Plant some milkweed in your yard this year — and you can help save the monarch butterfly.
Monarch butterflies, well-known for their unique migration from across the United States down to Mexico each fall, have been in decline for years and are at the lowest numbers scientists have seen in the several decades they have been tracking them.
The easily identifiable orange-and-black monarchs have been hit hard by a number of factors, but perhaps most devastating is the loss of the one species of plant the monarch lays its eggs on — milkweed.
As a result, the Audubon Society is asking residents to plant milkweed in their gardens and for highway road crews and parks groundskeepers to avoid cutting milkweed that grows wild along roads and in open spaces. Bergen Audubon is also donating milkweed plants to schools and community gardens.
"We're trying to do what we can to help," said Don Torino, Bergen Audubon's president. "Some environmental issues seem so big and overwhelming, and people feel powerless. But here's something simple they can do to help."
Milkweed is essential to monarchs because it is the only plant that the butterfly species lays eggs on — and which the monarch caterpillar can eat.
Monarchs migrate south each fall to fir forests in the mountains of central Mexico, where they spend the winter. In the spring, they migrate north and spread throughout the United States.
The generation that spends the winter in Mexico can make it back north as far as Texas, and lay its eggs on milkweed plants. Within four days, the eggs hatch into yellow-white-and-black-striped caterpillars, which eat the host plant's leaves. After two weeks, the caterpillar attaches to the underside of a branch or leaf and becomes a chrysalis. Ten days later, after metamorphosis, the full-grown monarch emerges and continues the migration north. Monarchs will go through four generations of butterflies during the spring and summer migration process.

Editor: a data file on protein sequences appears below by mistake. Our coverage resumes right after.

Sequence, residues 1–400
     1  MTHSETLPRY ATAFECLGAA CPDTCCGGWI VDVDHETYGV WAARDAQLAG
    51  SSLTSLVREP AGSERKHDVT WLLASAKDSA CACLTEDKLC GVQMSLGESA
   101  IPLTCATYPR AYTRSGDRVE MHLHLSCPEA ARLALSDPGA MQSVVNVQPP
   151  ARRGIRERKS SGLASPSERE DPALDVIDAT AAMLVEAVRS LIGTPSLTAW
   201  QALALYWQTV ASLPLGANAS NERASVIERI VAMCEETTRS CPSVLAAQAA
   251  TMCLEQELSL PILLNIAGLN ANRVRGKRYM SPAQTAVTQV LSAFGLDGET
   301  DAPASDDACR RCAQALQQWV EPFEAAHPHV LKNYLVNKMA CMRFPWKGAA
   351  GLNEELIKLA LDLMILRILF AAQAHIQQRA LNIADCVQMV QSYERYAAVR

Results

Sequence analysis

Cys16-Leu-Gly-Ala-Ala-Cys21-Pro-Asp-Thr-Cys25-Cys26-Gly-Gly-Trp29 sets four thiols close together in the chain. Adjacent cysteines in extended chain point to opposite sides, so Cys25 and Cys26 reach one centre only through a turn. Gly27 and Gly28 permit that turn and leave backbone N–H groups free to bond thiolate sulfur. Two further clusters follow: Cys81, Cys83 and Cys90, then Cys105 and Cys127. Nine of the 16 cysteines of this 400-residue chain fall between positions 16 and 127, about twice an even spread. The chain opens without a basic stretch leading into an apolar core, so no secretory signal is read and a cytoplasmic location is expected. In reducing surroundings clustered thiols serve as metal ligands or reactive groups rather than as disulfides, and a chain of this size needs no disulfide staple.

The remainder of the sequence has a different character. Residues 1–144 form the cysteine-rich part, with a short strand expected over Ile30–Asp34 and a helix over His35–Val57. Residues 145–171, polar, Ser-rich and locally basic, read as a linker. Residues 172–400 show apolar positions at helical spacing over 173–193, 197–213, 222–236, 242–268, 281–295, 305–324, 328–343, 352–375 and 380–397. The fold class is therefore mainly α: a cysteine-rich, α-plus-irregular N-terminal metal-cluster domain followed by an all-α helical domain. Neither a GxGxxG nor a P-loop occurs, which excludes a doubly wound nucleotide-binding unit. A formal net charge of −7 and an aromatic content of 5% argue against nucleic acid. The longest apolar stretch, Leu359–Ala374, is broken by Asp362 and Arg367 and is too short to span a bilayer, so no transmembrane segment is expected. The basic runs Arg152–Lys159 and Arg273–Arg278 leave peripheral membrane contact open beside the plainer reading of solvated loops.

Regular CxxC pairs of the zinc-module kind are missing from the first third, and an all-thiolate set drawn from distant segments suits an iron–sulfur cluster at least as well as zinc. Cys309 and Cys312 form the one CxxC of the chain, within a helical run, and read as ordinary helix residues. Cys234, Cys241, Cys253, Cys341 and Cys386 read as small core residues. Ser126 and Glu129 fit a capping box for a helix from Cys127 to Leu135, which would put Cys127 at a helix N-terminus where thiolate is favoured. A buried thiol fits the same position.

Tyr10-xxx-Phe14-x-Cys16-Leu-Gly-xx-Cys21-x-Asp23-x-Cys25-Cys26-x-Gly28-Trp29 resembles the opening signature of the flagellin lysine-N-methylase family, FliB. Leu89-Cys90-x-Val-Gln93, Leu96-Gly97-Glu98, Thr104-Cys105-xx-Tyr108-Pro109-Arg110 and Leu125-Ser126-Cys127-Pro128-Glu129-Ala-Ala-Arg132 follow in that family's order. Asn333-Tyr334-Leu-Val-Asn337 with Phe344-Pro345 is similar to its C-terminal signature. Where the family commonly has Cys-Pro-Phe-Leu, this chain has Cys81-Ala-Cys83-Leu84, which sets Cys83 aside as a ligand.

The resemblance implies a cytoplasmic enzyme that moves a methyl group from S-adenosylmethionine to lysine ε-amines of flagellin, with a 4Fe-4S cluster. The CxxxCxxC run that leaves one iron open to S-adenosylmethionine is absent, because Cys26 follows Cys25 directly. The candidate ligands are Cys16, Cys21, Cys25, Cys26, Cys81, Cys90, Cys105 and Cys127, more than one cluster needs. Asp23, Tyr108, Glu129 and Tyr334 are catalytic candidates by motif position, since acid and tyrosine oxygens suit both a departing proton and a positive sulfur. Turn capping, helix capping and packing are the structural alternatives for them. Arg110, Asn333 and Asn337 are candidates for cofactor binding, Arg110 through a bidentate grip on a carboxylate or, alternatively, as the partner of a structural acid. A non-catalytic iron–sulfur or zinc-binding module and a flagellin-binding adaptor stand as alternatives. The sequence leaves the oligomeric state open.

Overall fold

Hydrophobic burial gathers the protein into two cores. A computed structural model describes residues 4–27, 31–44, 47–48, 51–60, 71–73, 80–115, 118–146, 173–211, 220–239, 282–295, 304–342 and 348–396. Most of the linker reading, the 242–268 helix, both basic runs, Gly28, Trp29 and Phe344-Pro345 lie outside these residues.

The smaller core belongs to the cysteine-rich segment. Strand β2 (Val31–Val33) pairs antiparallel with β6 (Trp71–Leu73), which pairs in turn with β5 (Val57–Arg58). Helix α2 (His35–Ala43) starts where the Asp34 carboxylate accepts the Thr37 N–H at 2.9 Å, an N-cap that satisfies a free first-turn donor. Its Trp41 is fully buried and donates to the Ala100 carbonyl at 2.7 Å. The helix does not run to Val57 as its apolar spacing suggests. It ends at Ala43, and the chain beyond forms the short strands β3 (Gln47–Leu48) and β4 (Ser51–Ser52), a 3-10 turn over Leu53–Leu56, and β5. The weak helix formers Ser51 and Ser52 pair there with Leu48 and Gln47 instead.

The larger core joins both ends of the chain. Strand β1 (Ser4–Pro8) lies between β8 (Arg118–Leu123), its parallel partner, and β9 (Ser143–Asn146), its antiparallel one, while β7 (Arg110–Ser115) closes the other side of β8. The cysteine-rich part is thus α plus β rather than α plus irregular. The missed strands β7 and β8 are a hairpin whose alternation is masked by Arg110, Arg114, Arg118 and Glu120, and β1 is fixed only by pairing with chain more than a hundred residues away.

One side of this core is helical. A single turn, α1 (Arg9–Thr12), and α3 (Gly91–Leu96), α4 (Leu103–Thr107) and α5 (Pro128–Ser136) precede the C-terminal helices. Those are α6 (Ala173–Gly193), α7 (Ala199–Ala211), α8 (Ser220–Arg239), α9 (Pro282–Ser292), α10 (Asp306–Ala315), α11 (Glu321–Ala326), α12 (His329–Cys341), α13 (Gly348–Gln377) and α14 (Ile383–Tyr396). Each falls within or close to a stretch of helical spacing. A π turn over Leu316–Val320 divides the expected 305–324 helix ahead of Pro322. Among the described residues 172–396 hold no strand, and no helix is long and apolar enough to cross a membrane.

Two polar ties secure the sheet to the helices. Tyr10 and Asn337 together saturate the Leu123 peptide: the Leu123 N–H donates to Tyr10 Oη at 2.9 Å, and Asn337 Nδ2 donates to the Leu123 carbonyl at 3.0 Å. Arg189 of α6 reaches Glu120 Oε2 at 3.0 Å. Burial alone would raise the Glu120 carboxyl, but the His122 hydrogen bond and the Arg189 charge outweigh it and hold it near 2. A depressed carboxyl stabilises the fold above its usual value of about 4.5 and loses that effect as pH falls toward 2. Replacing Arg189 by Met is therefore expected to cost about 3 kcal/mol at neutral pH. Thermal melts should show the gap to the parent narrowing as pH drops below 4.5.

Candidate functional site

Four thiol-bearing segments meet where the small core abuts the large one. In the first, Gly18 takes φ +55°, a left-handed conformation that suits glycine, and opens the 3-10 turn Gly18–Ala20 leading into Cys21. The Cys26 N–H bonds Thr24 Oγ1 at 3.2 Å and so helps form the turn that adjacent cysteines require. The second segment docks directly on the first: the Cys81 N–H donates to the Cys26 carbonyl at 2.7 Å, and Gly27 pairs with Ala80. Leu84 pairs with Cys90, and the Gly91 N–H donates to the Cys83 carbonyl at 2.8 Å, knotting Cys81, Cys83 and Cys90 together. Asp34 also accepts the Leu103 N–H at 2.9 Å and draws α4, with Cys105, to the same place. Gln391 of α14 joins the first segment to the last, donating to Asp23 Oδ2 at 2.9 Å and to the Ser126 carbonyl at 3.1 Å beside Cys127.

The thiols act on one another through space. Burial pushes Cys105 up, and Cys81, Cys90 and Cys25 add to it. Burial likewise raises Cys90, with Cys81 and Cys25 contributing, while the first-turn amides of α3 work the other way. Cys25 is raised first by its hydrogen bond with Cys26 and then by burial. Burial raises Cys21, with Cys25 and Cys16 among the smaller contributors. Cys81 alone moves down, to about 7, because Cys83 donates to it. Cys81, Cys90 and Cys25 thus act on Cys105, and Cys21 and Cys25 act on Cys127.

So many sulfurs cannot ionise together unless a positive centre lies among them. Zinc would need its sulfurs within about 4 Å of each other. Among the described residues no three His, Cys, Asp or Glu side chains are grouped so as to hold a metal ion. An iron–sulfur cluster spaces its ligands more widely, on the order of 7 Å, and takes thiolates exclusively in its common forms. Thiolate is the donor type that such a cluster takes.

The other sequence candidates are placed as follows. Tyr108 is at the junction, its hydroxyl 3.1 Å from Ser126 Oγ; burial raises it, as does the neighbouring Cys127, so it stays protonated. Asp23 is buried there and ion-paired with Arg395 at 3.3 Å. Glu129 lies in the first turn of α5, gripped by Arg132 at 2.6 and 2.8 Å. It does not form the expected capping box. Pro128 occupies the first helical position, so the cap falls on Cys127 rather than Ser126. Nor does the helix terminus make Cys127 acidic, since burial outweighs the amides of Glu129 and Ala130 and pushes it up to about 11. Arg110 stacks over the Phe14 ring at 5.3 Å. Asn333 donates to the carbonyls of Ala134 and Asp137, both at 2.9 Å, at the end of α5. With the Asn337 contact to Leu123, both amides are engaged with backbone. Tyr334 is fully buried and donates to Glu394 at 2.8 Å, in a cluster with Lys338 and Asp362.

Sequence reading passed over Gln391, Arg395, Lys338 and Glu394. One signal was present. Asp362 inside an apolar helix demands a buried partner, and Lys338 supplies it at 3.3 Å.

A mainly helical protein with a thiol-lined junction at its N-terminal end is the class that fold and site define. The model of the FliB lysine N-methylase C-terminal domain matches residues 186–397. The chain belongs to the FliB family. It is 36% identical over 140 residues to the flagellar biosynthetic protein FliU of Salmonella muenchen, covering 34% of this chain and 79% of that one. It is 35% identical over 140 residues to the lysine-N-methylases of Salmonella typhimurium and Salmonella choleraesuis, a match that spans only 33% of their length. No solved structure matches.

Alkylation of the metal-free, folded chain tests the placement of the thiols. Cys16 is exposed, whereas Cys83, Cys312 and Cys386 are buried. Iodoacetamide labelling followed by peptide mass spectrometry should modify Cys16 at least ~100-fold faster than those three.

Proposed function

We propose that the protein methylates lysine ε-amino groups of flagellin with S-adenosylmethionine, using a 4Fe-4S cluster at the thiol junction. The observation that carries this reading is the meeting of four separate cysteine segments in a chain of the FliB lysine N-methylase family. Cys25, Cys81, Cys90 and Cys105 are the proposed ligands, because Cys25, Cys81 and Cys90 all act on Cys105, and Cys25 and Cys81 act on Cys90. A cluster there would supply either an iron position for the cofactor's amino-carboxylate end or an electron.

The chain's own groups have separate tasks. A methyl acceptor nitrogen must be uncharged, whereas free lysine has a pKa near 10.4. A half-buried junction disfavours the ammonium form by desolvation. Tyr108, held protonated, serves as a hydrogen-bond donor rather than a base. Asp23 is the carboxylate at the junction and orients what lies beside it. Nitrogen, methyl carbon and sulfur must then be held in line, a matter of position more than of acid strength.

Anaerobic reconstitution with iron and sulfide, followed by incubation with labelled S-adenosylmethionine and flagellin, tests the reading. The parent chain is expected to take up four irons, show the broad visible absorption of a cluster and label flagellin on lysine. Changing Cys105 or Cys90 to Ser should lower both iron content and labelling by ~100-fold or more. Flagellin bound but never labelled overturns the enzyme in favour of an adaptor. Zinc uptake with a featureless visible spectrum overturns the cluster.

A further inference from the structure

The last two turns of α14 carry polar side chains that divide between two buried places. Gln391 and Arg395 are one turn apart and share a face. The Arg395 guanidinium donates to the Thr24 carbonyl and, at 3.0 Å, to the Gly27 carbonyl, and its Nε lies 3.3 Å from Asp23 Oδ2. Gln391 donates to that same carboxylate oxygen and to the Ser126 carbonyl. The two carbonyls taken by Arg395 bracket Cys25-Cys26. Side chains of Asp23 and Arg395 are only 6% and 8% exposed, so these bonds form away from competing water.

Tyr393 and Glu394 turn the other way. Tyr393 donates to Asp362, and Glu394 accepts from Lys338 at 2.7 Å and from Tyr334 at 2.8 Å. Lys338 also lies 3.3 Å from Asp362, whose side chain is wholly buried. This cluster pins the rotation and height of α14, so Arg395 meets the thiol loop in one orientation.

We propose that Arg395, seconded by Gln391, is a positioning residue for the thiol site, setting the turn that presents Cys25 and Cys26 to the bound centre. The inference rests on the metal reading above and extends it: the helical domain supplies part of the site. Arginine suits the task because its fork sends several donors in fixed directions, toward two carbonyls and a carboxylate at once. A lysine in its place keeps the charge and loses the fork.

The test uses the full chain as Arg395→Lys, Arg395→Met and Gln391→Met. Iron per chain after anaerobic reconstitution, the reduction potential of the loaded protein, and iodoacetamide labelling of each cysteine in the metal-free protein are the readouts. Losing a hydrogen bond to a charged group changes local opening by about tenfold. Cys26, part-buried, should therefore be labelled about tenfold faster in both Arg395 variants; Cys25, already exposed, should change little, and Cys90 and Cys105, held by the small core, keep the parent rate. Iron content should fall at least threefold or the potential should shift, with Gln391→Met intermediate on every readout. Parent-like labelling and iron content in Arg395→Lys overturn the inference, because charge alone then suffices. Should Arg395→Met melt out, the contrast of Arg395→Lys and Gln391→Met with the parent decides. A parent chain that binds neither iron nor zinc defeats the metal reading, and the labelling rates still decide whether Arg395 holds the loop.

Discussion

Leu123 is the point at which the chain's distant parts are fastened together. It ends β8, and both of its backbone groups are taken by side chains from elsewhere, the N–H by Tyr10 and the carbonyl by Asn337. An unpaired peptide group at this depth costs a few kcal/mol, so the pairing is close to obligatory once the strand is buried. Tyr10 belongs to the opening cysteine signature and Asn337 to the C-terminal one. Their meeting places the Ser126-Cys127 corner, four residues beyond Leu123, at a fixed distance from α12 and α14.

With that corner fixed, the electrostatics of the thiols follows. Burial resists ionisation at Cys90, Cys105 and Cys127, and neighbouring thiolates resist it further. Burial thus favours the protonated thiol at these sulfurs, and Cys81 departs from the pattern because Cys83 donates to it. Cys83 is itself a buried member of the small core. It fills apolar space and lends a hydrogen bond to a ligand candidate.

But several factors, incluidng illegal logging and extreme weather, have disrupted the traditional migration and reduced the monarch numbers.
But perhaps the most significant factor has been the loss of milkweed plants as large-scale commercialized farms have used herbicide around fields. The herbicide kills weeds around the farmland — including wildflowers and milkweed. Without milkweed, the monarchs have no place to lay eggs, and their caterpillars have no food source.
In addition, during the migration season, monarchs rely on milkweed and other wildflowers for the nectar to help fuel their journey. Herbicides have also knocked out swaths of wildflowers, cutting the monarchs' nectar supply.
The common milkweed, which grows in empty lots and along roads and fields, "is not very attractive — it grows to 3 feet and looks very weedy and has big leaves. It tends to get cut down," said Janice Mahr, who grows perennials for Metropolitan Plant and Flower Exchange in New Jersey.
Most nurseries carry two types of milkweed that have been cultivated to look better in gardens, she said. The cultivated versions are asclepias tuberose, or butterfly weed, which has round masses of tiny bright orange flowers, and asclepias incarnata, or swamp milkweed, which comes with white or pink flowers.